OK, here's another analogy of grace.
When I was a young child -- I believe about 5 or 6 years old -- we moved from our inner-city Rochester, NY apartment to the suburb of Greece. Our parents had completely packed and cleaned out the apartment, and we were literally on the verge of leaving. My parents apparently needed to pick up some food and other supplies before we left, and since their errand wasn't going to take longer than 10-15 minutes, they decided to leave me and my little brother Mark alone at the apartment.
Somehow I was not aware of the fact that they were just running an errand and were going to be right back. Either they told me, and I wasn't paying attention, or they figured the errand would be short and so they didn't need to tell me.
But in my 5- or 6-year-old mind, I knew we were moving to a new house. And so when one minute I was playing quietly with my brother, and the next I looked up and realized we were all alone, I simply assumed that my parents had decided to make the move without us, abandoning us at the apartment. I started wailing, and when I started wailing, my little brother started wailing too.
At that point, I realized it was just me and my little bro, and I needed to take care of him. And I'd remembered hearing somewhere that in case of an emergency, you can dial zero on the phone and the operator can help. So that's what I did. I picked up the phone and dialed zero, and I was in the process of explaining (through my tears) that my little brother and I had been abandoned by our parents, when my parents arrived through the door with a sack full of groceries.
I still have a perfect picture in my mind of me standing there on my tip toes (the wall phone was a bit of a reach for me), sobbing to some strange female voice on the other end of the line; and then the rush of relief and joy when I heard the door click open and saw my parents' faces.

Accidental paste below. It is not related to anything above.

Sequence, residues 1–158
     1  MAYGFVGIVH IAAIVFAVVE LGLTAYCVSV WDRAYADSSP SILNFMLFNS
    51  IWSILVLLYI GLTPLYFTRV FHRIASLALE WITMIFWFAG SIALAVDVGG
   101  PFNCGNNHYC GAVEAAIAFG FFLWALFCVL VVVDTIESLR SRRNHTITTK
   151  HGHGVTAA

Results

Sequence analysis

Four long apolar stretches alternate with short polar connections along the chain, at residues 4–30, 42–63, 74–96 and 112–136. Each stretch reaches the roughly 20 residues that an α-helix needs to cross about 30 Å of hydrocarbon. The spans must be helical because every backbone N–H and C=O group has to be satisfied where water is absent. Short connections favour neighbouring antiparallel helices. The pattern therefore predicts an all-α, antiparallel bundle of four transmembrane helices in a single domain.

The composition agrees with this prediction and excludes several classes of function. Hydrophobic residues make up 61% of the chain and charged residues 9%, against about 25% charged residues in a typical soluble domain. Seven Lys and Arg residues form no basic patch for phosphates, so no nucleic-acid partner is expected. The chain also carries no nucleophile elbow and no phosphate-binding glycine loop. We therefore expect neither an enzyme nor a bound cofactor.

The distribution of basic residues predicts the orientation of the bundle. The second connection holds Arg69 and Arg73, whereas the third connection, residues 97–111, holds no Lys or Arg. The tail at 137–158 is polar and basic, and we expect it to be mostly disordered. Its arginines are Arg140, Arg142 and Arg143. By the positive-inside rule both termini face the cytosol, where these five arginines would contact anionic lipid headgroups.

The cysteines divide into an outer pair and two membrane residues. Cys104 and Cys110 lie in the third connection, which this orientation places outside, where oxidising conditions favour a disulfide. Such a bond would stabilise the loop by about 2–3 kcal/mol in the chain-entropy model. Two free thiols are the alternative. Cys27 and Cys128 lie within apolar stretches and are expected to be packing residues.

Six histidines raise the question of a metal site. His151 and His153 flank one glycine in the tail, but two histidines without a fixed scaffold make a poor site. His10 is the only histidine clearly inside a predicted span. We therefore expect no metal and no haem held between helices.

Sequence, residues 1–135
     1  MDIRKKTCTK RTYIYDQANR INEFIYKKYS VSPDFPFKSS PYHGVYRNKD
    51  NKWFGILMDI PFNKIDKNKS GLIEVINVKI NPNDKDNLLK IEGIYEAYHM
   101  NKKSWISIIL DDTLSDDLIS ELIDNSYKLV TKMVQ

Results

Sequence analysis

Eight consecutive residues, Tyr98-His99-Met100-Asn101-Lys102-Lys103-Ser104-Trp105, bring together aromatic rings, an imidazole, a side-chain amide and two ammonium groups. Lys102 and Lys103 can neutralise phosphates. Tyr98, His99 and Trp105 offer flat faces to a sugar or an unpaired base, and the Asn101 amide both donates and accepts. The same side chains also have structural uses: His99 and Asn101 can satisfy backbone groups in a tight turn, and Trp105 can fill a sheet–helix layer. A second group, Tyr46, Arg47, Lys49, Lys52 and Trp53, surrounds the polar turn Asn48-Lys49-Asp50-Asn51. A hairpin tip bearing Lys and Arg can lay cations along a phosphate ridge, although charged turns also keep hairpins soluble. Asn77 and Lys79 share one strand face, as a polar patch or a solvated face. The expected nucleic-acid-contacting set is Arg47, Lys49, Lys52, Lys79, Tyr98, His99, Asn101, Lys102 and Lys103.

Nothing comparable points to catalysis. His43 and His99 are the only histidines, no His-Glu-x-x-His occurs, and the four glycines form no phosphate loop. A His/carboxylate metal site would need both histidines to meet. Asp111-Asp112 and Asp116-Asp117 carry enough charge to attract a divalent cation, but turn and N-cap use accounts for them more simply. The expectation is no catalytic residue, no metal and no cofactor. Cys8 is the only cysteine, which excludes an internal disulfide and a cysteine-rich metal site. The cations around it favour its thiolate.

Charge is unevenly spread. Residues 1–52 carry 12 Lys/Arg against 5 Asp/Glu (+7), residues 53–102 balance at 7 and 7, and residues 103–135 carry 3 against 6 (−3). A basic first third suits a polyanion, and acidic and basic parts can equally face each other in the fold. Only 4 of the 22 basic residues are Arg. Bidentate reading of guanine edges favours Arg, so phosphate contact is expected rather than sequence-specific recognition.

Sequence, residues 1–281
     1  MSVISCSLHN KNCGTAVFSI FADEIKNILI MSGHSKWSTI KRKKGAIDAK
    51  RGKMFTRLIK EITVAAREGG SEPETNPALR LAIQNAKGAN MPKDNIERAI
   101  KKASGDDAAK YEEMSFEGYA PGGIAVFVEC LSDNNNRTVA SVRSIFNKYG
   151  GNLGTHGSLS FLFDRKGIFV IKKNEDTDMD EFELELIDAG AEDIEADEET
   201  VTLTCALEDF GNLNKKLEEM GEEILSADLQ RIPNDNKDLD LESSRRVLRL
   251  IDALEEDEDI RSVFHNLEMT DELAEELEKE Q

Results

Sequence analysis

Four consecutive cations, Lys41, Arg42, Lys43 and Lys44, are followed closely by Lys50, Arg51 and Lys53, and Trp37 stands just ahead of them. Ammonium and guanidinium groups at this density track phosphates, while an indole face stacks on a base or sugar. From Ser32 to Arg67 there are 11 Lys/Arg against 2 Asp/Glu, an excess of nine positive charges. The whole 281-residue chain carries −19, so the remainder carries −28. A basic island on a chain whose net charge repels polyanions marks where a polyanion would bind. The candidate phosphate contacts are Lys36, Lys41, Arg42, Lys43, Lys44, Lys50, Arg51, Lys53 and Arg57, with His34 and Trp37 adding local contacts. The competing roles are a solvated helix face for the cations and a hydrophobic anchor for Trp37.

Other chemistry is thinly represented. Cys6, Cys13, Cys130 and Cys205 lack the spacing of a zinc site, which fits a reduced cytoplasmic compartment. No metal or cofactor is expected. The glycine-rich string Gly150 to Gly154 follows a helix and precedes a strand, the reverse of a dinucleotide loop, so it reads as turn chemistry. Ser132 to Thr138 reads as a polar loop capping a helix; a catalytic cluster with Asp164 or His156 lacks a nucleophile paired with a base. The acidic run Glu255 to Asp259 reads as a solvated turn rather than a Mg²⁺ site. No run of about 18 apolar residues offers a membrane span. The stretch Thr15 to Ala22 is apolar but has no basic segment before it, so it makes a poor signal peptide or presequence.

In that moment of aloneness, which couldn't have been more than a few minutes, to me it had felt like we had been abandoned for good. Of course it wasn't true! Even as I was dialing emergency assistance, parents were rushing home to reassure us.
The grace of God can be like that. When we are without it, it can feel like we've been abandoned forever. We can feel utterly low and alone and lost. But if we just wait, we will feel it again, and in abundance. And when God's grace, as communicated by the loving, peaceful presence of the Holy Spirit, is upon us, we feel whole and complete and as if nothing ever lacked. When we have the Spirit, we realize that even when we felt alone, we never truly were alone. We realize that the pain we experienced in the preceding night actually had a redemptive purpose; we can even be grateful for the pain. I think that ability of the Spirit to heal and transform past pain into present understanding and joy is what is meant in the Book of Revelation when says that in the end, after every trial and tribulation, God shall wipe away all tears from our eyes (7:17).
The ability to wait in patience is, I think, the definition of hope. Hope is resting in our knowledge of God's perfect love for us -- even when we don't or can't feel that love. There have been times in my life when I've been able to rely mostly on love, times when my greatest source of strength has been my faith. Lately, it seems, I've had to rely more on hope, probably the least understood of Paul's cardinal virtues. I'm glad it's there.